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PCR # 277  (Vol. 6, No. 28)  This edition is for the week of July 11--17, 2005.

This Week's PCR
Movie Review
"Fantastic Four"

Movie review by:
Nolan B. Canova
Three stars

Movies are rated 0 to 4 stars

theater seats

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20th Century Fox     
Starring: Ioan Gruffudd, Jessica Alba, Michael Chiklis, Chris Evans, Julian McMahon
Directed by: Tim Story
Rated: PG 13
Running Time: 1 hours 46 mins

Anyone who's read comics and watched movies for decades knows first-hand how hard it is to faithfully translate the comic book to the big screen. In the distant past, usually the primitive state-of-the-art special effects or a miniscule effects budget crippled the scriptwriting to a lowest base denominator of what could be pulled off (the 1950s TV show The Adventures of Superman being the most notable exception here).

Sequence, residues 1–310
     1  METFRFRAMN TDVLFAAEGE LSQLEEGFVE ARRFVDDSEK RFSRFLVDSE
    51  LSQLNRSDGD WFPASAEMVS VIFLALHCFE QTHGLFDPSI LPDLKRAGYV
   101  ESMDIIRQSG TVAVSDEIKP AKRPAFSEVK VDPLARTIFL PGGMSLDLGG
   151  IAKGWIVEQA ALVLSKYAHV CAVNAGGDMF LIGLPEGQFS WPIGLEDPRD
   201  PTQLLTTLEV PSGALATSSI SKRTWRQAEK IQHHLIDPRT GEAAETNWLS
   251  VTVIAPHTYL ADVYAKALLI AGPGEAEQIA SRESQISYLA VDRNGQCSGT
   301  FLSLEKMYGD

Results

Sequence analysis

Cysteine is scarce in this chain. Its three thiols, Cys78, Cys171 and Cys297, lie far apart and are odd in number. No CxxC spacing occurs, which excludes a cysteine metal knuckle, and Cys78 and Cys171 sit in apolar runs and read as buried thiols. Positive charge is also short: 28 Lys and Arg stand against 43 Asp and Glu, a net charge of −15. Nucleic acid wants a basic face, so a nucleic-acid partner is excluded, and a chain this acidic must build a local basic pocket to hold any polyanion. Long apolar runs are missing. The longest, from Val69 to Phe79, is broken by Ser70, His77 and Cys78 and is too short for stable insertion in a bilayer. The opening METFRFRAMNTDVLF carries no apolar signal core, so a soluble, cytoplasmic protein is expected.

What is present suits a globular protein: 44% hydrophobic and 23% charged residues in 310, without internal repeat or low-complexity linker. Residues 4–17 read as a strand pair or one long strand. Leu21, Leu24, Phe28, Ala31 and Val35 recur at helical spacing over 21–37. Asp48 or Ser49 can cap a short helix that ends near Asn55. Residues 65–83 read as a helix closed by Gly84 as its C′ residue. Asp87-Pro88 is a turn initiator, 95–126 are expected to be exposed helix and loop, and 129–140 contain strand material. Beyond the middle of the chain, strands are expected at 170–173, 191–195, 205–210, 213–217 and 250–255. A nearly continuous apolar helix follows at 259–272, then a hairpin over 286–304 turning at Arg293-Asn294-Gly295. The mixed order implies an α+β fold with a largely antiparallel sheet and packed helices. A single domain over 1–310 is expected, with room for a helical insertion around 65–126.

Before the turn of the millenium, I can honestly say only the '70s Superman the Movie got it pretty close to exactly right. I give Tim Burton's 1988 Batman points for re-introducing the goth concept back into the storyline, but not much else. Don't get me started on The Matrix, which was based on at least three comics, but never officially acknowledged as so.

After Y2K, things started to improve amazingly with The X-Men 1 & 2, and Spider-Man 1 & 2. Not so much with Daredevil, Electra, The Punisher and Hulk (just goes to show an increased budget and unlimited CGI effects can't always save 'em). This summer's Batman Begins is a thrilling return to the comic's Dark Knight concept, successfully ignoring earlier entries (with the possible exception of the "body-armor" type Bat-suit, a concept I still have problems with, but I digress...)